Naturally, Ben did his own research on Dr. Haynes, reading papers he’s published online to get a better understanding of his skills, expertise, and even more importantly to Ben, the way Dr. Haynes cares for patients. “Because of my background, I’m able to read and understand research papers quite well, and what I saw was that a lot of articles Dr. Haynes has written were on patient care. I read through some of them and thought, ‘Ok, this doctor really cares about his patients, and I like the way he goes about his business’,” says Ben.
On the day of Ben’s scheduled surgery, his wife dropped him off at Dell Seton Medical Center, as she wasn’t allowed to accompany him into the hospital due to COVID-19 safety precautions, and Ben met with Dr. Haynes for the first time in person. Dr. Haynes completed a physical examination and then took Ben in for surgery. A wide excision of the melanoma and a skin graft reconstruction were performed to remove the cancer, and a sentinel lymph node biopsy was performed to identify and remove the affected lymph node. Upon completion of the excision and biopsy, it was confirmed that Ben had stage IIIC melanoma of the scalp, which had spread to the lymph node that was removed.
Ben checked in to the hospital at 8:00 a.m. and was discharged the same day at 6:00 p.m. He recovered wonderfully from surgery, and Dr. Haynes helped coordinate immunotherapy infusions with a medical oncologist at a different clinic Ben visits once a month for his ongoing cancer treatment.
In addition to managing his melanoma treatment, Ben also has normal pressure hydrocephalus, which is an abnormal buildup of cerebral spinal fluid in the brain’s ventricles, or cavities. Coordination between Dr. Haynes and Ben’s neurosurgeon was also necessary to ensure he had fully recovered from his melanoma excision before proceeding with a second surgery, which took place in May and he is recovering well from.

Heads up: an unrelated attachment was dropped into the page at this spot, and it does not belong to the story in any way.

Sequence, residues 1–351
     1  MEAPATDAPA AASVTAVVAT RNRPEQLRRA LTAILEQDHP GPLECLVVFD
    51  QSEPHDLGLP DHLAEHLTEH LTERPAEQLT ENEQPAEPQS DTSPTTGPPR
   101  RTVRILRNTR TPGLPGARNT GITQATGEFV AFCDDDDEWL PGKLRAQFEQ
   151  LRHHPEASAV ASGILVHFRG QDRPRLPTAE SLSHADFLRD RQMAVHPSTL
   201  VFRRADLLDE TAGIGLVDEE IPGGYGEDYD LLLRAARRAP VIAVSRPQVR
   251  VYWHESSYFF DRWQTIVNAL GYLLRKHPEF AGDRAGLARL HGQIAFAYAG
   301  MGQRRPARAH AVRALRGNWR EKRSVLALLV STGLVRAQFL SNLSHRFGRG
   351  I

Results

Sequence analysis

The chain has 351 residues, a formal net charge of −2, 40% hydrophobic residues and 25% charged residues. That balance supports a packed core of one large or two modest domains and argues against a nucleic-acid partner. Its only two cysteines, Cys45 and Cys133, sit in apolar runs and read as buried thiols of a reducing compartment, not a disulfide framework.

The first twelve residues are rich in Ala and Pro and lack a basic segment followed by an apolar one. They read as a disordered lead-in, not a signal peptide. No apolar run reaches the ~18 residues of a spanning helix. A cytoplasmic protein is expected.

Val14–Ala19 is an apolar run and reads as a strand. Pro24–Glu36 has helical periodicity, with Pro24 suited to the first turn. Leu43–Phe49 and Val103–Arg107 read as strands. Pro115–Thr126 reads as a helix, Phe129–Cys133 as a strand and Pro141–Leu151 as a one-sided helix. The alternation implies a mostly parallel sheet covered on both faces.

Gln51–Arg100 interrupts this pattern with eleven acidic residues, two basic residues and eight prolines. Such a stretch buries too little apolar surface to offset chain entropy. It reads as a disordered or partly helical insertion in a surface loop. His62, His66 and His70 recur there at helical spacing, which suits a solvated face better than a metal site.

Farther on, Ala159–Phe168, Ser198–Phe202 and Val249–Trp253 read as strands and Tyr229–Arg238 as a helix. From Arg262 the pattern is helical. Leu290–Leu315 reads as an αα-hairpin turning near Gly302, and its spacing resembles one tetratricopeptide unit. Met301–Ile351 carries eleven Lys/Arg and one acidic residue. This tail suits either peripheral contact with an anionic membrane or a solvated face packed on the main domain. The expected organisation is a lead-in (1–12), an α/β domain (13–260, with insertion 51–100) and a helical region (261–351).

Ben is excited to return to the golf course soon, is looking forward to getting out to see his friends, and is eager to get back to his wood working shop once his doctors clear him for normal activities. He thanks his wonderful wife for making quarantine and his healthcare journey a lot easier and takes joy in spending time with his family and grandchildren while public activity remains limited.
His advice to patients navigating a difficult diagnosis right now is, “First and foremost, do your research. Understand the type of disease you have and the physicians who will be treating you.” Ben says, “Second, if you’re unable to meet someone face-to-face, that’s ok. You can still get a good idea of a doctor’s interpersonal skills through telemedicine. And finally, get comfortable with the fact that some things are just out of your control, letting go can really help eradicate fear and anxiety.”
While it may seem everything these past few months with COVID-19 has been hectic and scary, delivering the highest quality of patient care and treatment options to bring comfort and wellness to the Austin community is still the utmost priority for UT Health Austin providers and care teams.